Monday, July 19, 2010

Top Ten Things that I have Learned in my Faith Journey

I want to start out with a loud and joyful expression: I love my Catholic Faith! I have been a life long Catholic, although I slipped away for a time in my twenties and thirties. My origins in Catholicism were steeped in the beauty, mystery and sacredness of the liturgy. I was an altar boy from as early as I can remember, 6 or 7 years old. The Mass (pre-Vatican II, the Tridentine or Roman Rite) was for a very young man an awesome life experience. The altar, where I was privileged to be present, was a sacred place and I had no doubts about that, none period. I loved our parish priests, they were extremely holy and intelligent men, and I felt that I was included in something very special, in Mass. ( by the way that is why I get so irritated when I see people walking around the altar wearing blue jeans, sandals, low cut dresses, dressed for slumming around on a Saturday morning etc.), but I have digressed here. In my life in the Faith I have discovered many wonderful things, so I have decided to list them here, in no particular order of priority, in the hope that perhaps a reader may explore these things or can share something that I perhaps have missed. Here we go:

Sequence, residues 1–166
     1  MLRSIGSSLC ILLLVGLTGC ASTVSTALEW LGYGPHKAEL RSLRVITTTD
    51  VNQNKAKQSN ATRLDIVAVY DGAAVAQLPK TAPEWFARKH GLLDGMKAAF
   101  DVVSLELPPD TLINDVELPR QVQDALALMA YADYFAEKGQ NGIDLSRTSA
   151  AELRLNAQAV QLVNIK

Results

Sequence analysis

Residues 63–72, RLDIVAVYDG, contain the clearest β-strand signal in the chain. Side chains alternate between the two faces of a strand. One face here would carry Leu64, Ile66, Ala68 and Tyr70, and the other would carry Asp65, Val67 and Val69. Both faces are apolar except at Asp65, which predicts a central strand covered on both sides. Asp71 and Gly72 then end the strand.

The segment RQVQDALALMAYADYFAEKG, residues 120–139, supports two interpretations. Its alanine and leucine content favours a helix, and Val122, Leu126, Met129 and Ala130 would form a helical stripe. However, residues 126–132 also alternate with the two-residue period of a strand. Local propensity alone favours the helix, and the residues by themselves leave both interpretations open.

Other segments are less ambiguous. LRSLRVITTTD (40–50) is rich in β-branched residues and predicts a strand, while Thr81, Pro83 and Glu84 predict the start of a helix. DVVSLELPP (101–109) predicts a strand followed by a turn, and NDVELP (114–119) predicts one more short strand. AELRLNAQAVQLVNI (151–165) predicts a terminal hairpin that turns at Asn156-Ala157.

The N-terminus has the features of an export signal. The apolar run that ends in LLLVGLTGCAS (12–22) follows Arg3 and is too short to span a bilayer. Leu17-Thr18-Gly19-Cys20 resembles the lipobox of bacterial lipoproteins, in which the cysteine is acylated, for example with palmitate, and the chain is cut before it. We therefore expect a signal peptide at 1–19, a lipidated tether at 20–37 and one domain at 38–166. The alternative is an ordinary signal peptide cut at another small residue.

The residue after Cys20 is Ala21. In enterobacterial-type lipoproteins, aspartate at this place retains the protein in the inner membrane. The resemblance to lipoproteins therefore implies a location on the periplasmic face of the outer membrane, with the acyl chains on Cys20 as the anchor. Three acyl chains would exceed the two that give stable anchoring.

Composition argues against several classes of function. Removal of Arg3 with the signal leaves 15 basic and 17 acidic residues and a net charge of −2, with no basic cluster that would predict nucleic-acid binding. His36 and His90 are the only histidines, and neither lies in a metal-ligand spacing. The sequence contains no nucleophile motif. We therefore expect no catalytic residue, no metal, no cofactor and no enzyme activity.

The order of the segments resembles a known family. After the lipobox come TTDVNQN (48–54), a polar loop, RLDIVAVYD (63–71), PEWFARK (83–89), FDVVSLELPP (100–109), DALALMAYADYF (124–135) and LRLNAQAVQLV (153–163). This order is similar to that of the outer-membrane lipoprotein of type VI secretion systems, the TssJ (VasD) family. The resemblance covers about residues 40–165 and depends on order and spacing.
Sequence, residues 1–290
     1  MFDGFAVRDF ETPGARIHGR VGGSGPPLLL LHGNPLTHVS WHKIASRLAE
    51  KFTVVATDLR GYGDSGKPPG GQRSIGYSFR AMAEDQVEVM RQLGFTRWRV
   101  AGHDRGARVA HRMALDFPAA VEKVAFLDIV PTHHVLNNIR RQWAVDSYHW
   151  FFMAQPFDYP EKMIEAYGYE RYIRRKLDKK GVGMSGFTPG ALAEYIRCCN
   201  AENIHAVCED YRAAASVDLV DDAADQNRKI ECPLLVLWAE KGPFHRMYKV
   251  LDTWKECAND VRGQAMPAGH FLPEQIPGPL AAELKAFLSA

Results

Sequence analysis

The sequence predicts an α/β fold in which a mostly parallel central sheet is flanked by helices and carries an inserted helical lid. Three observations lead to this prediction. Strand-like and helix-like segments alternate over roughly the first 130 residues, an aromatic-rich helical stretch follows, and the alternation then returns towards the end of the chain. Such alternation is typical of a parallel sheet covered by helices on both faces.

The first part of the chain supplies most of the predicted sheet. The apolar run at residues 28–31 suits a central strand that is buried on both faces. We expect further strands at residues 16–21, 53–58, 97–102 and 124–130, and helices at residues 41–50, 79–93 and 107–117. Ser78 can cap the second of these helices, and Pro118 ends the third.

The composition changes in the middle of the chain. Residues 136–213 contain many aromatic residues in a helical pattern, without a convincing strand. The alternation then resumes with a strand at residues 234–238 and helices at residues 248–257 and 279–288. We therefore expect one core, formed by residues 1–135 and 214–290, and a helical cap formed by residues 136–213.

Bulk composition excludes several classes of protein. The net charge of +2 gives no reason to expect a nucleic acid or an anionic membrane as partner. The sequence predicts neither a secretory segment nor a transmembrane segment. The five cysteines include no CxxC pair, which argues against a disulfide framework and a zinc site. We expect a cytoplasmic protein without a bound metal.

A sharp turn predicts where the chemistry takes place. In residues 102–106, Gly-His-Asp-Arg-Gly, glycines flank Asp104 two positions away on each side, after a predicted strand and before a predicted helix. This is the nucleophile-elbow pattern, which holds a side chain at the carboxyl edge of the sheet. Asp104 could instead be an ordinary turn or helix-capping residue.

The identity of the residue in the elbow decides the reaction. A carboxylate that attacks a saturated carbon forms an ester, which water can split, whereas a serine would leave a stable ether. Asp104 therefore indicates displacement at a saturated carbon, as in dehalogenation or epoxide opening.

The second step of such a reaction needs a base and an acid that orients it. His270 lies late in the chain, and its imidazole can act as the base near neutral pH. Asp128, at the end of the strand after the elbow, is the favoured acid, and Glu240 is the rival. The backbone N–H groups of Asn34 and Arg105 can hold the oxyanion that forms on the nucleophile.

10. That faith is a journey: and in some sense a Tinitarian journey - first, it is a personal journey that through, grace, life experiences, catechesis, we develop a relationship with God, connected is our relationship journey with the people we live with, family, friends, co-workers, fellow believers, the world community at large, and how I come to know God and grow in virtues will determine how these relationships grow. Like any journey one endeavors there are always times when one goes the wrong direction, runs into things, at times are lost, at times moves slowly, at time moves rapidly, has a clear path - in other words be patient with your Faith and with God, He knows what he is doing.

9. Tied to 10 is one's spiritual life. To grow spiritually one has to work at it, it is that simple! But of course it requires what most of us lack in the modern world - time away from things and time with our Creator. In the Ignatian spirituality - one asks am I moving towards God or away from Him.

8. We are all called to be holy. This is something that I have found in recent times to be a motivator for me. I guess its the competitiveness in me but it gives me something to strive for each and everyday. So when I awaken in the morning the question is not "what will get out of this day?" - the typical barometer by which we measure a good day or a bad day, but rather "how can I grow in holiness today?"

7. Humility opens the door to Christ into our hearts. A good axiom for this is " life is not about me" - remember He is God and I am not. St Paul wrote in his Letter to the Philippians, "Do nothing out of selfishness or conceit but in humility consider others better than yourselves"